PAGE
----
In August 2010, she appeared at Vintage, an upmarket festival on the Goodwood estate in West Sussex, as a special guest of Wayne Hemingway (Red or Dead) who organised the event. As well as hosting her own main stage set with numerous female guest singers, she also performed cameos on other stages, including singing "Downtown" with composer Tony Hatch and an orchestra in the cabaret tent.

On Boxing Day 2010, she appeared on BBC Radio 4's Desert Island Discs.

She was Jools Holland's special guest on his 2011 Tour.[16] On New Year's Eve in 2011 Shaw performed on BBC Two's Hootenanny backed by Jools Holland's Rhythm and Blues Orchestra.

Personal life[edit]

On 6 March 1968, Shaw married fashion designer Jeff Banks at the Greenwich Register Office in London.[17] Their daughter Gracie was born in February 1971.[18] Her marriage to Banks ended in 1978.

In 1982, she married Nik Powell, co-founder of the Virgin Group and chairman of the European Film Academy. They had two children together. She is currently married to her third husband, Tony Bedford.[19]

In August 2007, Shaw revealed that she had had "corrective" surgery on her iconic feet, which she described as "ugly": the surgery left her unable to walk until October 2007.[20]

In April 2012 Shaw joined an Amnesty International campaign to end human rights abuses in Azerbaijan, host country of the 2012 Eurovision Song Contest, after the journalist Khadija Ismayilova was blackmailed and sex taped. Shaw stated: "That anyone would stoop so low in an attempt to silence an independent journalist is sickening. The people behind this appalling blackmail and smear campaign must be brought to justice. And the persecution of independent journalists in Azerbaijan must stop."[21]

In August 2014, Shaw was one of 200 public figures who were signatories to a letter to The Guardian opposing Scottish independence in the run-up to September's referendum on that issue.[22]


See also[edit]


  1. ^ James Lachno, "Sandie Shaw has retired from music", The Telegraph, 10 April 2013.
  2. ^ a b c Biography at, accessed 3 January 2010
  3. ^ a b c Murrells, Joseph (1978). The Book of Golden Discs (2nd ed.). London: Barrie and Jenkins Ltd. p. 229. ISBN 0-214-20512-6. 
  4. ^ a b Whitburn, Joel (2003). Top Pop Singles 1955–2002 (1st ed.). Wisconsin, USA: Record Research Inc. p. 365/634. ISBN 0-89820-155-1. 
  5. ^ a b Rice, Jo (1982). The Guinness Book of 500 Number One Hits (1st ed.). Enfield, Middlesex: Guinness Superlatives Ltd. p. 85. ISBN 0-85112-250-7. 
  6. ^ a b c d e Roberts, David (2006). British Hit Singles & Albums (19th ed.). London: Guinness World Records Limited. p. 495. ISBN 1-904994-10-5.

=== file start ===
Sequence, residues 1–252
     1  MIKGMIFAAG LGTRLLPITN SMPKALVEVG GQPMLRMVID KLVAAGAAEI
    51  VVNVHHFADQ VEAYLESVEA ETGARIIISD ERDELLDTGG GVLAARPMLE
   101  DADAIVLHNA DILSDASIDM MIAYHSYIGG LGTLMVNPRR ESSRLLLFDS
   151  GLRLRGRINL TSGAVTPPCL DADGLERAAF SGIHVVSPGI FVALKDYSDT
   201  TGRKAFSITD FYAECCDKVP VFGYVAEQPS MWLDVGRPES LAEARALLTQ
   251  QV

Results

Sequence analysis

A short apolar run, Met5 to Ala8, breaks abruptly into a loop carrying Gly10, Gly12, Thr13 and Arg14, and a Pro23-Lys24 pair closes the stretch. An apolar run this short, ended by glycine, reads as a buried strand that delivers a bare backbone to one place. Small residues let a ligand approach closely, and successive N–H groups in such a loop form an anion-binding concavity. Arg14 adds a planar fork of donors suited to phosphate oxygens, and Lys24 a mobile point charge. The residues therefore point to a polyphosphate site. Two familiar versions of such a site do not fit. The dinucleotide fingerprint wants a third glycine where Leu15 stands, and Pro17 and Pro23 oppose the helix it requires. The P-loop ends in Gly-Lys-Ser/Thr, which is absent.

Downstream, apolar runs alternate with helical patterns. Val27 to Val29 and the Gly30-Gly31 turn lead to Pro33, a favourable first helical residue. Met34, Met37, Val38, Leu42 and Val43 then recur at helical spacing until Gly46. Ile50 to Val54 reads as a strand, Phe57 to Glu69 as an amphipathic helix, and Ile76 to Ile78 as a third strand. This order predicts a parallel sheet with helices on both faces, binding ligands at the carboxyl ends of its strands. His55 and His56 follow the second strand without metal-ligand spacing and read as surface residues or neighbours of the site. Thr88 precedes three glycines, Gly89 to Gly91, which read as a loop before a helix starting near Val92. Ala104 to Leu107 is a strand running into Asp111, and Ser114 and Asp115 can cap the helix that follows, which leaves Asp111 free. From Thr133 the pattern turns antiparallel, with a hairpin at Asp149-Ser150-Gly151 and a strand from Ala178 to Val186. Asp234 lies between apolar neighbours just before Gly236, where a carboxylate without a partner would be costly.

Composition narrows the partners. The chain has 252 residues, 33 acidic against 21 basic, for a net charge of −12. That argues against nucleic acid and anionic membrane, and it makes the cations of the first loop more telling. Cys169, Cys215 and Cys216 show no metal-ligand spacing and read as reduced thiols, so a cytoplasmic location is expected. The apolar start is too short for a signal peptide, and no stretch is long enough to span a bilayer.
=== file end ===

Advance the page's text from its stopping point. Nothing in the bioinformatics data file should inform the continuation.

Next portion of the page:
7. ^ a b c d Roberts, David (1998). Guinness Rockopedia (1st ed.). London: Guinness Publishing Ltd. p. 387. ISBN 0-85112-072-5. 
  8. ^ Rice (1982). The Guinness Book of 500 Number One Hits (1st ed.). pp. 92–93. 
  9. ^ "Biography by Stephen Thomas Erlewine". Retrieved 15 April 2009. 
  10. ^ O'Connor, John Kennedy. The Eurovision Song Contest – The Official History, Carlton Books, UK, 2007, p. 208. ISBN 978-1-84442-994-3
  11. ^ Roya Nikkhah "Sandie Shaw's love scandal that almost cost Britain its first Eurovision victory", Sunday Telegraph, [26] December 2010.
  12. ^ Shaw, Sandie (1991). The World at My Feet. London: Harper Collins. p.63. ISBN 000215921X
  13. ^ Roberts (1998). Guinness Rockopedia (1st ed.). p. 91. 
  14. ^ Shaw, Sandie (1991). The World at My Feet. London: Harper Collins. p. 73. ISBN 000215921X. 
  15. ^ "Sandie Shaw » Barefoot". Retrieved 22 February 2015. 
  16. ^ "Jools Holland - Official Web Site - Tour Dates". Retrieved 22 February 2015. 
  17. ^ Tobler, John (1992). NME Rock 'N' Roll Years (1st ed.). London: Reed International Books Ltd. p. 182. CN 5585. 
  18. ^ Tobler (1992). NME Rock 'N' Roll Years (1st ed.). p. 223. 
  19. ^ "A micro skirt, bondage heels, a 'footlight' ... Sandie Shaw on why, at 64, she finally likes being a sex symbol" Daily Mail. Retrieved 30 July 2011.
  20. ^ "Foot surgery for pop singer Shaw", BBC News, 15 August 2007.
  21. ^ "Eurovision: Sandie Shaw calls on Azerbaijan to stop pulling the strings of the nation's media" at
  22. ^ "Celebrities' open letter to Scotland – full text and list of signatories | Politics". 7 August 2014. Retrieved 2014-08-25. 

External links[edit]

Awards and achievements
Preceded by
Austria Udo Jürgens
with "Merci, Chérie"
Winner of the Eurovision Song Contest
Succeeded by
Spain Massiel
with "La, la, la"
Preceded by
Kenneth McKellar
with "A Man Without Love"
United Kingdom in the Eurovision Song Contest
Succeeded by
Cliff Richard
with "Congratulations"